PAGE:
Honesty is the best policy, right? For the majority of the time, it is. But there are also those times when you should learn to filter what you say. The trick is to understand when the appropriate settings are to switch on the radio edit version of yourself.
Think of it this way: when your grandma asks what you did last Saturday night, maybe you shouldn’t tell her you ended up in a random frat guy’s bed after a little too wild of a night out. A simple “Oh, me and my besties just did silly girl stuff, Grandma” would suffice. It would probably earn you a cookie, too.
Clearly, nobody wants to be one of those “fake” people that are seemingly nice to someone’s face and then rips them apart (figuratively) the moment they walk away. We all know at least one, and we condemn them for being so openly unclassy.
On the other hand, it may be necessary to be somewhat “fake” if it were to spare someone’s feelings, for example, as long as you’re not cruel about it. You should never give your honest, negative opinion about something that someone cannot change about themselves. Taking this approach can also save you from seeming overly critical, judgemental or like a flat out “biotch.”
“You have to be careful about how you come across to people,” says sophomore nutritional sciences major Cassie Collevecchio. “If I am talking with someone who usually annoys me, I have to put up a fake front so that I don’t hurt their feelings.”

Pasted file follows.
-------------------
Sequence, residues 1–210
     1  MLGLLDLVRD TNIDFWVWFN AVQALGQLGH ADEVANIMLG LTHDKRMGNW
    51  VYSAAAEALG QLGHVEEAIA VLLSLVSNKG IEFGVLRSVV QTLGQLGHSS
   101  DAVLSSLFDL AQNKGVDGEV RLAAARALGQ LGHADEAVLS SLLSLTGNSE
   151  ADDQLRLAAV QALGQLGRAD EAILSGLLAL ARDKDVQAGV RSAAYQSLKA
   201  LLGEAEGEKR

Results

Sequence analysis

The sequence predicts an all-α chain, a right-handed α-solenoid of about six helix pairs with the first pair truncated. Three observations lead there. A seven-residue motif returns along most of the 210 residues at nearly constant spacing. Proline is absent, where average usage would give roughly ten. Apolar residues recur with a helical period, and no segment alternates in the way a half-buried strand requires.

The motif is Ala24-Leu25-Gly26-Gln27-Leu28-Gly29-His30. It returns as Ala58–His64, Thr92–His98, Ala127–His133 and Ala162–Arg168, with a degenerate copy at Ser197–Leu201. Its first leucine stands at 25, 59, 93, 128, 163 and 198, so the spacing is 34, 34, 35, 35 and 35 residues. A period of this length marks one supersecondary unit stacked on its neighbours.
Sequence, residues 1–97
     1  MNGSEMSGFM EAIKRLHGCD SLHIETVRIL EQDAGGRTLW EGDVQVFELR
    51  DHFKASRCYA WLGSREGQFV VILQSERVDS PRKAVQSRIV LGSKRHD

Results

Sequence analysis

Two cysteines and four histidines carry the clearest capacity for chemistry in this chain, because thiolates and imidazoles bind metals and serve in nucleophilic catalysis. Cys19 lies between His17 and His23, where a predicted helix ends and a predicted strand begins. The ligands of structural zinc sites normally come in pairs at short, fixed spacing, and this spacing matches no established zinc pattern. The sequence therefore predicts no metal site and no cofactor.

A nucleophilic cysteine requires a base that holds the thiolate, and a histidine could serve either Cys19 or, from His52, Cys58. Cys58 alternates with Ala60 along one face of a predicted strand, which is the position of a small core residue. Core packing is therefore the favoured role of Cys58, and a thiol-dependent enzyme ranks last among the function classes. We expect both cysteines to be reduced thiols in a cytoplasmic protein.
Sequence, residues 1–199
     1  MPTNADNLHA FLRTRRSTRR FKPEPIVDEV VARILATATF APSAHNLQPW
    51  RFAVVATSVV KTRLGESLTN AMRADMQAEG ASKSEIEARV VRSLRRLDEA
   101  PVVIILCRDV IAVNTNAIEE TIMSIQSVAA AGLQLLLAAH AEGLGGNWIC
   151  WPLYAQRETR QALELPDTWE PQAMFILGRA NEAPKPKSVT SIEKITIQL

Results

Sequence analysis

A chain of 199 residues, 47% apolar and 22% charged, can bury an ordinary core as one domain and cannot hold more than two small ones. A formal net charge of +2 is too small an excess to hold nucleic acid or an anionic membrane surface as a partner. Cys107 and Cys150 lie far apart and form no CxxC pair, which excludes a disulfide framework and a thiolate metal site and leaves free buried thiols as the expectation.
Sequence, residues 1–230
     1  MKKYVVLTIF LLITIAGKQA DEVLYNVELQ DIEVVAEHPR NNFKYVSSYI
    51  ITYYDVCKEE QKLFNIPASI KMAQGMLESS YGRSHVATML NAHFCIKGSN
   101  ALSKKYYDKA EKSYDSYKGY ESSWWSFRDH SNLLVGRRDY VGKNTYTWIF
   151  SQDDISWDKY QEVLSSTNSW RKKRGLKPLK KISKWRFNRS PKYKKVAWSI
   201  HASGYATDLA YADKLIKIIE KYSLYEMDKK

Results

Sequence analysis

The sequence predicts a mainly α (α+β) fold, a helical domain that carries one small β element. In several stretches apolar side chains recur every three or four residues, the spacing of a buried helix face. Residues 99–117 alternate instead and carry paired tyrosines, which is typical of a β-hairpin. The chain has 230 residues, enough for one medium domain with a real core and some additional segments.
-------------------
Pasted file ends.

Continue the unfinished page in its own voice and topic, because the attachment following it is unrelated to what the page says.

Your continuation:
It can be beneficial to edit what you reveal in a professional setting, as well. When your success depends on it, try telling people what they want to hear. This isn’t to say change who you are; rather, present a different version of yourself. So, at your next interview, keep the fact that you sometimes panic and sweat profusely while under pressure to yourself. While we’re at it, maybe think about bringing deodorant to work if you score the job, too.
For your own sake, it’s best to not always be so honest with your family. They love you, they are there for you, but they do not need to know everything. Let’s say you and your boyfriend get in a huge fight. Well, obviously, you would only share your side of the story with your family. And after a few fights, your family may start to hate the guy!
If there’s not a special someone in the picture, then this is your opportunity NOT to reveal to them every sporadic hookup you’ve had. Then again, hopefully that’s not too much of a habit for you already.
One last note on honesty: the past is the past. It’s okay to conveniently “forget” things that have happened in order to move forward. Just saying.